Dark Dark Dark's Nona Marie Invie on jumping in the water on tour after being cramped in a van

Dark Dark Dark from Minneapolis makes music that draws from folk, jazz, modern classical and pop without showing favor to any of those elements in particular. Although the band's earlier material was largely written by singer/pianist Nona Marie Invie and fellow singer/clarinetist/banjo player Marshall LaCount, Dark Dark Dark is a more collaborative songwriting team these days, as evidenced by the even more fluid interplay of instrumentation on Who Needs Who. There is a lush simplicity to the music, especially on the band's latest release, Who Needs Who. We recently spoke with Invie about New Orleans, Roger Miller and Hedia.

See also: Dark Dark Dark at hi-dive, 10/26/12

Westword: Why do you think your band is often described as having a foundation in Dixieland?

Nona Marie Invie: Because there's a banjo and an accordion in our band, so people are always making comparisons to bluegrass and Dixieland, but that's not quite what we do.

Early on you visited and New Orleans. What drew you to that city?

I had a lot of friends who had visited it and loved it, and some people that I knew were down there playing music. So it's this idea of a musical dream world, I guess, that drew us down there. After we went down there the first time, Marshall and I lived there for a few months, and then we would go back for months at a time over the last few years. Marshall ended up moving down there, and when we're not on tour, he's been living there for the last year and a year and a half.

There's a lot of people making beautiful music all the time on the streets every day. It's the kind of place that's really inspiring to play with people and to just be creating music. It's a really supportive musical community. And it's warm and beautiful, and you can drink on the street. There's that side of it, too, that makes it feel good to be down there.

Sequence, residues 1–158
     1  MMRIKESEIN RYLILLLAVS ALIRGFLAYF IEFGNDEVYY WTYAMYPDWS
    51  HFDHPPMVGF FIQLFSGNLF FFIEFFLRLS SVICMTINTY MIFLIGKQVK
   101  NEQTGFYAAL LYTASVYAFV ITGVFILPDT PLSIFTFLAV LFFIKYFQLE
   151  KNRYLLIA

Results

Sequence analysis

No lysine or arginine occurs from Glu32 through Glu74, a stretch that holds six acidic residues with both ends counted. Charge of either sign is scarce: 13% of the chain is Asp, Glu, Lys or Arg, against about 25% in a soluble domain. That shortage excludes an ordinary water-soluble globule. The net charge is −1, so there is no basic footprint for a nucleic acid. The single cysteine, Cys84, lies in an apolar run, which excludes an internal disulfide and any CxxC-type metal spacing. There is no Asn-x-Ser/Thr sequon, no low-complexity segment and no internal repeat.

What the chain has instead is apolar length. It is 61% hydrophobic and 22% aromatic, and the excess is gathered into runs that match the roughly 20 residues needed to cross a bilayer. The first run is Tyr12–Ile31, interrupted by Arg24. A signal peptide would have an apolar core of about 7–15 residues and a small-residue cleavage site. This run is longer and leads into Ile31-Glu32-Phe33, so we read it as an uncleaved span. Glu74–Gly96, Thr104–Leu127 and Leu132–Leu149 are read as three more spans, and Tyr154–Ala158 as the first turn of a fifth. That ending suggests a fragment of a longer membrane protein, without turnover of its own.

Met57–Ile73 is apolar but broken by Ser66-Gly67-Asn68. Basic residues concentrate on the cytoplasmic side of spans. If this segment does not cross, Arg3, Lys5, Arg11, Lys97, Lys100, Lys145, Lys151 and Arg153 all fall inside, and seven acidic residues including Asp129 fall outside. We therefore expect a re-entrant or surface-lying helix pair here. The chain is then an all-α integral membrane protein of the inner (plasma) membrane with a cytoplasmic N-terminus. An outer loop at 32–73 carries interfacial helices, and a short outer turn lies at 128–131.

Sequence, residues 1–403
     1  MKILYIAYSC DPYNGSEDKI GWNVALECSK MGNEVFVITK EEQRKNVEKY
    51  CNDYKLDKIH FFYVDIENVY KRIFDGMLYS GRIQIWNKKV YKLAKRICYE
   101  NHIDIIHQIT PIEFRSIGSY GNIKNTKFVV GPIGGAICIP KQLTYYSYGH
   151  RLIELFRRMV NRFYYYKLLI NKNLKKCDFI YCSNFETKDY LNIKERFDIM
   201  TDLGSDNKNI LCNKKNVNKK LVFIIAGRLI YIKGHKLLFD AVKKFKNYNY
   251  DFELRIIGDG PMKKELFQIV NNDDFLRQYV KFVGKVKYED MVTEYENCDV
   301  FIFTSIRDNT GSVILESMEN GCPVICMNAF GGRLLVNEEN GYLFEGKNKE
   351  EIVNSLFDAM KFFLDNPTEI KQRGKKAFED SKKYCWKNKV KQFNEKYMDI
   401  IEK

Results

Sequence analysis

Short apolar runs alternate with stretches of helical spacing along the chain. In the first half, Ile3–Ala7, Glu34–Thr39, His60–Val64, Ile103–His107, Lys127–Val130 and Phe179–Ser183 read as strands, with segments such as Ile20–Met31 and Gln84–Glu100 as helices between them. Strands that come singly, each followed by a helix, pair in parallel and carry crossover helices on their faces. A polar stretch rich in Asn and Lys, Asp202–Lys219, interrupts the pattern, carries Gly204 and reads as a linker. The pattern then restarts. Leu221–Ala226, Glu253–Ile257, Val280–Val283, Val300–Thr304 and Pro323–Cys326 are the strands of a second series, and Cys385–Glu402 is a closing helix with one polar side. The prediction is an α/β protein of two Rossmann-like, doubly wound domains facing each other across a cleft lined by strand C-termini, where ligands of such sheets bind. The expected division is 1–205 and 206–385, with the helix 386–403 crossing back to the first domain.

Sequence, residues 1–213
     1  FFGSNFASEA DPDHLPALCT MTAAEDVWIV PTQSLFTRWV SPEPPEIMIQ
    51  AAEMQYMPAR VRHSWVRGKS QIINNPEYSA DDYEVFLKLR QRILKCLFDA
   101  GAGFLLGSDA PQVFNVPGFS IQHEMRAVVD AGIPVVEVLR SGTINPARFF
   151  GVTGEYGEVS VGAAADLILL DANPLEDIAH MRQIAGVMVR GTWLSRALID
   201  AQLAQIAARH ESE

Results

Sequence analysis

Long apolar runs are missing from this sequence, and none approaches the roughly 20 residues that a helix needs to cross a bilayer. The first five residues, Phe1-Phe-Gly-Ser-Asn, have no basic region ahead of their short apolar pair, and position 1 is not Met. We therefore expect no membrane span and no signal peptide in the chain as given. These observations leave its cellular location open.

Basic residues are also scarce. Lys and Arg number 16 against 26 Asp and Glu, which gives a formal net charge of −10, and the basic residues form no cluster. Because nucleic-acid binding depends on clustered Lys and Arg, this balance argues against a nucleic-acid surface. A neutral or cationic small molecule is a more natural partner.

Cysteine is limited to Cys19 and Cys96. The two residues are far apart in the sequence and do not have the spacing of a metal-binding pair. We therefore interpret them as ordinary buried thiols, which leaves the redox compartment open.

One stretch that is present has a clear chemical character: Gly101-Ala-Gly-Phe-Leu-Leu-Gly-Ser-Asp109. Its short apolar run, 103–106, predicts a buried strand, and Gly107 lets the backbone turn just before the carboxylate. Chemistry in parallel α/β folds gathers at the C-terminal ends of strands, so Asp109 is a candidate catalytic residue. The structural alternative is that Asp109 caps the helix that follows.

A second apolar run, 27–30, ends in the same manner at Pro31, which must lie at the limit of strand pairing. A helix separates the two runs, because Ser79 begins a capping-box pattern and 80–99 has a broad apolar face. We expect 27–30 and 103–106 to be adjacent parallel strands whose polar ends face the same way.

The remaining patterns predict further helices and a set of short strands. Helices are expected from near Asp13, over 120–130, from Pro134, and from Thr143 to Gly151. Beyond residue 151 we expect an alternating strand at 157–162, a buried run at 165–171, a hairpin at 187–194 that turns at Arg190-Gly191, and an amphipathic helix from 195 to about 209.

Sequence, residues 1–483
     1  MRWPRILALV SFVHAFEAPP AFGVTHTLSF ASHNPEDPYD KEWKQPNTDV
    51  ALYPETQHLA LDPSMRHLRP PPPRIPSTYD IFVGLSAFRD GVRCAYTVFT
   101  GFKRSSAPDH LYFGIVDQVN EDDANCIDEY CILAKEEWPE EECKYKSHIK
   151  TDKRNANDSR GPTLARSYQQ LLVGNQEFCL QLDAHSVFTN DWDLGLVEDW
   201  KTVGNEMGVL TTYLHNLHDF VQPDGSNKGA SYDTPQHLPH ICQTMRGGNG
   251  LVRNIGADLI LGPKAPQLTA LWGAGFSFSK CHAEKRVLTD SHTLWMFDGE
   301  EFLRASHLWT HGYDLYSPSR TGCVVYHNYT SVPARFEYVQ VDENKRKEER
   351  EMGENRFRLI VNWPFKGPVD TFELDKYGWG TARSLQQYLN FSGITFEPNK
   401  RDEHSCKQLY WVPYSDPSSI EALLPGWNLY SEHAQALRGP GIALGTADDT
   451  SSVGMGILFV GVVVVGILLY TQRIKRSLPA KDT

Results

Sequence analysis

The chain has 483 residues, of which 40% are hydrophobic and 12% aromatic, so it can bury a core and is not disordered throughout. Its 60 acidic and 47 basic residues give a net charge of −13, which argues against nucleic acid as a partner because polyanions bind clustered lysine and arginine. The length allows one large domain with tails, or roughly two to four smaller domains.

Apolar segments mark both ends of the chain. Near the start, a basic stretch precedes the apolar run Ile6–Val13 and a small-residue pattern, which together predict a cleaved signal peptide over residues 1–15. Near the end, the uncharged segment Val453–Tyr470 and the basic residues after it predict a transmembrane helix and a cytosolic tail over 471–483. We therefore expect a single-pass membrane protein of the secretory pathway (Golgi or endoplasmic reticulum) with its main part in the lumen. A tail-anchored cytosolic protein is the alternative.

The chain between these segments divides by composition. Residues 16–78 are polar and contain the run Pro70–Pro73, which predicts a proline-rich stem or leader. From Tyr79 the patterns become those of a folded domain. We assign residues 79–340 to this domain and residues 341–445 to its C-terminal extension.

Do you still jump in the water every chance you get all over the world? Why is that important?

It just feels really good. It's total spiritual renewal. After being in a van every day for days and days, it's the perfect thing to do whatever the temperature of the water. We went to some hot springs yesterday that were amazing near Santa Fe.

You did an interview with The Line Of Best Fit recently, and you mentioned that you and a friend talk a lot about Roger Miller? What is it about Roger Miller that you find interesting?

I just like how candid he is. He was just a wild mess. He was himself wherever he goes. He was fully out there in the world being whatever he wanted to be writing songs. I appreciate the simplicity of his lyrics. He's written so many songs on every topic. I love country music.

What does Anonymous Choir allow you to do that you don't do, not that you couldn't, with Dark Dark Dark?

It just feels really casual for me. It's really fun to rework songs by artists I really love and respect. There's no pressure to perform, or tour or put anything out. It's fun singing with my friends with piano and harmonies. We did a whole tape of Leonard Cohen songs and we've done Beach Boys and Joni Mitchell and Bonnie Prince Billy songs. It's kind of all over the place.

How would you say Who Needs Who reflects your evolving interests as a musician and songwriter?

I think that I spent a lot more time on the piano and didn't second guess myself as much with the kinds of things that I was writing on the piano and just kind of let it feel natural and put it out into the world as it wanted to be, I think.

Presumably you don't carry a full acoustic piano around with you on tour.

I have a keyboard, regular old digital keyboard. I love being able to play an acoustic piano when I can. It's kind of rare but it really makes the difference for me in how much fun I have in playing if I can play a grand piano or a baby grand. It happens sometimes.

When you've been touring, what are some local bands that have opened that have caught your interest?

There's this person named Bryce [Hampel] we're playing with in Santa Fe tonight. It's called Hedia. We played with him before when he had a band called Elephant Paintings. He has a bunch of different musical projects. I just really appreciate the way that he sings. I like how well-considered his songs are. The way they're crafted is really beautiful.

Dark Dark Dark, with Emily Wells and the Changing Colors, 8 p.m. Friday, October 26, hi-dive, 7 S. Broadway, $12, 720-570-4500, 18+